Food and Words, Together

 Image: Unsplash

Image: Unsplash

“When I get a little money, I buy books. And if there is any left over, I buy food.”

– Desiderius Erasmus

 

Books and food, hard decision?

Fortunately for booklovers, we don’t have to choose! We can get both in the form of a cookbook. (At least for October!) Why? October is National Cookbook Month.  *Wink wink.

If you’ve followed my blog, Just Commonly, you’ll know that I’m a foodie or rather a cookbook lover myself. I love trying different recipes and improving my (rather lacking) culinary skills.  Today, I share with you a couple of cookbooks I’ve tried which are still on my keeper shelf in my kitchen.

 Eat at Home Tonight by Tiffany King:

  • This one is a keeper with its simple and basic recipes for those times when excuses to not eat at home are too easy.

The Easy 5-Ingredient Healthy Cookbook by Toby Amidor

  • Five ingredients are all you need, AND it’s healthy. Need I say more?

Amish Cooking Class Cookbook by Wanda Brunstetter

  • This cookbook includes all the recipes you’ll read in the author’s Amish Cooking Class series. So it makes it fun to read along and know you can whip it up yourself!

Daisy Cakes Bakes by Kim Nelson

  • I don’t have a big sweet tooth, but when I do I like to make something from this one. My favorite? Vanilla wafer cookies with melted dark chocolate drizzle.

Lucky Peach Presents 101 Easy Asian Recipes by Peter Meehan & The editors of Lucky Peach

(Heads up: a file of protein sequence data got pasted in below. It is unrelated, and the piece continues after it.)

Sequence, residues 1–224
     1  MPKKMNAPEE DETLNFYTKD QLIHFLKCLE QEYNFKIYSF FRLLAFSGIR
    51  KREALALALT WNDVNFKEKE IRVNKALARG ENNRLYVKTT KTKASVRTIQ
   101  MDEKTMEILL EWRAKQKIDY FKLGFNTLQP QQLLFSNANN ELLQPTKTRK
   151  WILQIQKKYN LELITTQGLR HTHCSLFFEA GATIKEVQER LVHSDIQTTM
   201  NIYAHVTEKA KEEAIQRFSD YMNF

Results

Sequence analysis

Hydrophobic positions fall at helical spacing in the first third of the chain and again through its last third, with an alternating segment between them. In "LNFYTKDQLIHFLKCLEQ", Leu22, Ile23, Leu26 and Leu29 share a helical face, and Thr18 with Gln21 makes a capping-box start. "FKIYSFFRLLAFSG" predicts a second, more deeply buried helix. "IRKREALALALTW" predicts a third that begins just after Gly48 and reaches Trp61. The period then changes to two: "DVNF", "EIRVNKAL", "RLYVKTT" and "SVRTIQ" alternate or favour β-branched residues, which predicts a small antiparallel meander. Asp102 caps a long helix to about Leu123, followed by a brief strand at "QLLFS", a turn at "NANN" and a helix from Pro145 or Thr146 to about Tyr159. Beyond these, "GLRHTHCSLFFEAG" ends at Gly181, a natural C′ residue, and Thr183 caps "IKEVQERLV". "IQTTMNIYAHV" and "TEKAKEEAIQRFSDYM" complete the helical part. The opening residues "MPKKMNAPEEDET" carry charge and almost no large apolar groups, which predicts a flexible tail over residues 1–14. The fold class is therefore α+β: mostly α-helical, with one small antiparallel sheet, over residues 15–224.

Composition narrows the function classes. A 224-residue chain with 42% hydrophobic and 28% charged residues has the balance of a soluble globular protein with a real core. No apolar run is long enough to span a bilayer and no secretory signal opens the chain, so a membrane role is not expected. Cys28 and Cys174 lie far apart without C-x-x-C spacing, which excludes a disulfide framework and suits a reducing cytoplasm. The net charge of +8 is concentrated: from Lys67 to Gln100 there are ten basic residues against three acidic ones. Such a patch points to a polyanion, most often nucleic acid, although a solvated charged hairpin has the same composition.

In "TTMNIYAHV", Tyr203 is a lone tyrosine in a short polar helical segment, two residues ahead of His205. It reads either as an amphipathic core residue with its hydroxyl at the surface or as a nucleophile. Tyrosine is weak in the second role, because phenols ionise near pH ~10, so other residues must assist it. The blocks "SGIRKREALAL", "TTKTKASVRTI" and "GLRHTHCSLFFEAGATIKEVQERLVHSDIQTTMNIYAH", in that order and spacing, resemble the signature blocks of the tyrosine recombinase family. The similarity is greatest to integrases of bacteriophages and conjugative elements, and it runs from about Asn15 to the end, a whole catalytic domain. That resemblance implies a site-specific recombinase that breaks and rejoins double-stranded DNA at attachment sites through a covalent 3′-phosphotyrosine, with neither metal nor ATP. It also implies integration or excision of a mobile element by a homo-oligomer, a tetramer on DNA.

• Being of Chinese descent, I love to check out some of the traditional recipes I’m familiar with, plus the ones I’ve tried while traveling to East Asia. There’s a bit of nostalgia for me when it comes to these classics.

Trim Healthy Mama Cookbook by Pearl Barrett & Serene Allison

  • I’m all for anti-inflammatory foods, especially when we start getting up in age. (note from Carrie: as the oldest person on this staff…. I object to that distinction! LOL) This cookbook has many options for gluten free, vegetarian and vegan recipes. I don’t always follow it diligently, but I do substitute without taking away its original intention too much.

Gather Around the Amish Table by Lucy Leid

  • This Amish cooking cookbook is the one I use more often with its pictures and easy instructions.

The Joy of Cooking by Irma S. Rombauer,  Marion Rombauer Becker & Ethan Becker (75th Anniversary Edition)

  • This is probably a staple in most, if not all, kitchens. Many times, going back to the classics gives me the comfort I need.

Quite the variation, but I think the main objective for me in keeping with a cookbook is the ease of use, and flavor.  As Dr. Alan D. Wolfelt once said, “Food is symbolic of love when words are inadequate.” When we prepare food, there’s a transference of love to those who will taste it. 

Do you have a cookbook you recommend?

“Food is symbolic of love when words are inadequate.”

– Alan D. Wolfelt


Annie is an associate editor of Hope by the Book and the mind behind Just Commonly blog, sharing what she loves most – Jesus & all things book and bookish. She is also the co-founder of the Christian Fiction Readers’ Retreat and JustRead Publicity Tours.